Vela Creations is an in-depth resource for off grid living. The site documents our research and experiences, hoping that they might help others interested in pursuing this lifestyle. This blog is designed to document our day to day experiences as we build our new, sustainable homestead. If you are interested in seeing more photos and videos, we have a flickr account at the following url: http://flickr.com/photos/35090117@N05/collections/
Wednesday, January 28, 2009
This fall, we harvested, among other smaller squash, two 40 lb pumpkins, one of which we gave to some friends. Today we processed our one.
We cut it into chunks, cleaned the seeds and fibers out, then steamed the chunks. Once they were cooked, we scraped the flesh off the rind.
The seeds were cleaned and dried for next year. The rind and fibers went to the chickens. And the meat was turned into:
Two pumpkin pies
A bunch of squash, banana and honey leather (sun-dried)
The rest I put into ice trays and froze them for our teething nine month old son.
The big, winter squash are great. They last for a long time, so produce a lot of food in winter when your fresh vegetables are at their lowest.
The north side is dug into the hill (adding thermal mass to the coldest side of the house), and the south will be double-glazed polycarbonate windows. The eaves on the south side will be such that no sun gets into the room in summer, when the sun is at its highest and hottest, while allowing the sun to enter all the way to the back of the room in winter. This will help us heat the house and grow year-round food in the flower beds that will be built at the base of the windows.
Here is a summary of what we have done so far:
1)Dug into the hill (north side of house) and leveled a 40' x 16' area.
2)Built a cement block retaining wall to the south of the building site.
3)Put a 4” PVC pipe at the base of what we dug out. This runs all the way along the earth, leading out to the garden. We have a trench dug into the clay up the hill from the building site, but should any water get through to the house, this should carry it away from the foundation.
4)Filled the whole site with 8” sand.
5)Compacted the sand.
6)Dug post holes for the south corners of the rooms. We covered castillos with lathing, put them into the holes, leveled them, and poured concrete into them.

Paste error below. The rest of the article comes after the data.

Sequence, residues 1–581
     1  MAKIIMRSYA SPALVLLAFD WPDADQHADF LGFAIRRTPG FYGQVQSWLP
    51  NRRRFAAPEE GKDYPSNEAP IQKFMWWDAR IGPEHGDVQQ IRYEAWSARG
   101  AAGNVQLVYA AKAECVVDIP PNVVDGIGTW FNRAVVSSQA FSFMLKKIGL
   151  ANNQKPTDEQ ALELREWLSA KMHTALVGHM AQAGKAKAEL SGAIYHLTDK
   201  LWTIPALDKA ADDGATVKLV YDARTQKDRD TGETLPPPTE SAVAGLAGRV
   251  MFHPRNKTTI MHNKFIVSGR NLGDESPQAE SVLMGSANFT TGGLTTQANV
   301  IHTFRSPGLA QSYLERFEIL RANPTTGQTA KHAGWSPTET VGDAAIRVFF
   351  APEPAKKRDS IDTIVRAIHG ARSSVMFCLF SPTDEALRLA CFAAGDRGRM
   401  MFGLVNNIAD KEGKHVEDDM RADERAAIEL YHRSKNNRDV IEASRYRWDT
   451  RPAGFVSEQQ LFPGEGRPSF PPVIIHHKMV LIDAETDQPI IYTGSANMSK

7)Put 30 feet of 4” metal square tubing on top of the posts and welded it in place.
8)Poured a 6” x 6” metal reinforced foundation. We dug into the sand a little and then made forms so that the rest was above the level of the sand. The trench was lined with plastic, as an added security against water. We had pieces of rebar sticking up out of the foundation at two feet intervals or either side of doors.
9)Attached wall panels, made of remesh and rebar, to the foundation rebar.
10)Cut out doors and windows, when necessary.
11)Wired two layers of lathing, going in opposite directions, to the wall panels, using hog nose pliers and clips.
12)Cut out any holes needed – for water pipes, stove pipes, thermal cooling pipes, etc.
13)Wired the house with AC and DC plugs and switches.
14)Put in the breakfast bar and other shelves – all of which were made out of rebar, remesh and lathing.
15)Put in curtain rails, picture hooks, and anchors for a future shelf.
16)Put in and plumbed the doors and the window frames.
17)Made two 8' x 4' movable forms that we used for backing while we put the first layer of concrete (scratch coat) on.
18)Using a 3:1 finely screened sand to cement mix, we stuccoed a scratch coat and brown coat to each side of the walls. The final coat, which will consist of cement, lime and fibers, will go on after the roof is finished.
So that's where we are now: Stage 1 is complete and we are about to start Stage 2... the roof.
For more photos, click here.
We started off with no shelter, water, electricity, garden, etc. and have slowly been building up each system. Our set up as of right now is basic, but functional:
- Shelter: a 20'x12' unfinished, ferro-cement vault that will eventually be divided into a hallway, bathroom and power house.
- Water: 180 square feet of arched catchment area and 1500 gallons of storage tank. We get an average of about 25 inches of annual rainfall. Our grey water (showers, dishes and laundry – all of which are done by hand) goes to the garden.
- Energy: a 100 watt wind generator, 75 watts of solar, 8 x 6 volt deep cycle batteries. We have the house wired with both ac and dc electricity. Our fridge and stove currently run off propane and our heat is a wood burning stove.
- Food: 800 square feet of garden, which we double dig and compost heavily, in order to loosen up the clay. We have wheat, garlic and greens planted at the moment, after a very full summer crop. We also have chickens for eggs and occasional meat.
- Waste: We compost everything organic, including human waste. And we save almost all our other trash to reuse in some way or other.
- Transport: Unfortunately we are still dependent on gasoline, though we don't often leave our place. This is something we definitely want to rectify as soon as we get a chance!
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